Use your noodle

Indonesia's love affair with instant noodles good news for Aussie wheat

Noodles are big business in Indonesia.

Noodles are big business in Indonesia.


ALTHOUGH regarded as a cheap and cheerful source of food, instant noodles are big business in Indonesia, which eats 15b packets annually.


IT'S THE snack or light meal beloved by everyone from shift workers to university students and some swear by its restorative properties after indulging in a beverage or two too many, but at 50 cents a packet, not many people spend much time thinking about mi goreng noodles.

However, while we think we are mad for instant noodles here in Australia, our northern neighbour takes it to another level - and that means big dollars for Aussie wheat farmers.

Analysis from the Australian Export Grain Innovation Centre (AEGIC) shows Indonesians feast on a staggering 13 billion packets of instant noodles each year - a whopping 15pc of the globe's consumption of the product.

AEGIC chief economist Ross Kingwell said Australia was the preferred noodle wheat supplier for Indonesia, which consumes 3-3.5 million tonnes of wheat for noodles each year.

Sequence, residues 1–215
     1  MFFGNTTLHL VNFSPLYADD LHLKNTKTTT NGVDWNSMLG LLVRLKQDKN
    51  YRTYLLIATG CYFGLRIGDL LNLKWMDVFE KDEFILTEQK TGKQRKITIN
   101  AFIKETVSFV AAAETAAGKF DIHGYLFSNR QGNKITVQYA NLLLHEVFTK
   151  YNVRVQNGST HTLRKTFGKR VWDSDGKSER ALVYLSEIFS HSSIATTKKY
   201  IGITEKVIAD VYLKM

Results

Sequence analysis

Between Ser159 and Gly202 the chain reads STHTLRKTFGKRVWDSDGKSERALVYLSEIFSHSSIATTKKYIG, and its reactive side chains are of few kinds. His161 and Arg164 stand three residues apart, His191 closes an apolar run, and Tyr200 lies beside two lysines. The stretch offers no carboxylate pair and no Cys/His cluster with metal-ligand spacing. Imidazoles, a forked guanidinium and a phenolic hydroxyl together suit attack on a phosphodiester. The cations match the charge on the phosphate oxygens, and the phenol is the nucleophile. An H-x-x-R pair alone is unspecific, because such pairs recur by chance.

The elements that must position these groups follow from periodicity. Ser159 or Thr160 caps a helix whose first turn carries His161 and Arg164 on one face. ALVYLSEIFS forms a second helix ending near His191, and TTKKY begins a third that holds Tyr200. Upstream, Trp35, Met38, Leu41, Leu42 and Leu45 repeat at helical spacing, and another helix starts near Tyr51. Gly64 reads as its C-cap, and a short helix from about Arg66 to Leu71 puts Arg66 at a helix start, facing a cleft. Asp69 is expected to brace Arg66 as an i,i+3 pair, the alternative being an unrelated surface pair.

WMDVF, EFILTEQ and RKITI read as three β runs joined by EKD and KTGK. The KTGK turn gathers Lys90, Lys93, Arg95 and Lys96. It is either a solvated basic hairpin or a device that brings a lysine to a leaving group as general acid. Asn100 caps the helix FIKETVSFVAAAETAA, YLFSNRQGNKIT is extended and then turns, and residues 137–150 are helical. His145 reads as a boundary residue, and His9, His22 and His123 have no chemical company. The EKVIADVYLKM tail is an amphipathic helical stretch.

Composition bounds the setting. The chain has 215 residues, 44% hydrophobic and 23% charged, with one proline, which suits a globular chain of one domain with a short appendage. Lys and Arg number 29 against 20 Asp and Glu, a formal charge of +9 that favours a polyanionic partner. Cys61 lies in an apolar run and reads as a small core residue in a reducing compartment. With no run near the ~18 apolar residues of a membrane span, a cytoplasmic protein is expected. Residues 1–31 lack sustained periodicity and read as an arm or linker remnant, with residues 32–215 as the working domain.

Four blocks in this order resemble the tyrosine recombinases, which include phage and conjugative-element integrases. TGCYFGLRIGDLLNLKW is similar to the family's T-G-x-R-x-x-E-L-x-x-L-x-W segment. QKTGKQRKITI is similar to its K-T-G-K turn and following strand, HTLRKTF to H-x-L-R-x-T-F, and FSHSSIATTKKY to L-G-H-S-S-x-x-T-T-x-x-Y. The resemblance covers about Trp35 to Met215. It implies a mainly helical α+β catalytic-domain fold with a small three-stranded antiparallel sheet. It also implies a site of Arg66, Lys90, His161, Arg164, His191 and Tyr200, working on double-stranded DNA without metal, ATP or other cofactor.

The vast majority of this demand goes into the instant noodle market, according to Prof Kingwell.

"Fresh noodles are a relatively small but still important segment."

He said while the story for Australia is positive, the boom times of growth had ended.

"Noodle consumption per person has gone through incredible growth over the past few decades, however that growth has now plateaued," he said.

"Nevertheless, due to Indonesia's strong population growth, overall demand for wheat for instant noodles will continue to grow by 350,000t by 2030.

He warned that other big wheat producers would attempt to muscle in on Australia's dominance of the Indonesian noodle market, in spite of Australian wheat's strong end use performance attributes.

"Even though they prefer Australian wheat due to its unique quality attributes, Indonesian noodle makers are learning more and more about how to incorporate wheat from low-cost competitors such as Russia, Ukraine and Argentina," Prof Kingwell said.

However, he said Australia's good wheat quality may help it be the major player in an emerging high quality instant noodle market, saying premium noodles were being produced using Australian wheat.

He also said Australia needed to focus on high quality fresh noodles.

"Fresh noodles, which make up about 20pc of noodle consumption in Indonesia, are more popular among wealthy, urbanised consumers. "These noodles have more sophisticated quality requirements than instant noodles.

"Australian wheat is already recognised for its superior colour and colour stability, which is an important consideration for fresh noodle sellers who want to be able to display bright, yellow noodles for as long as possible.

The story Use your noodle first appeared on Farm Online.


From the front page

Sponsored by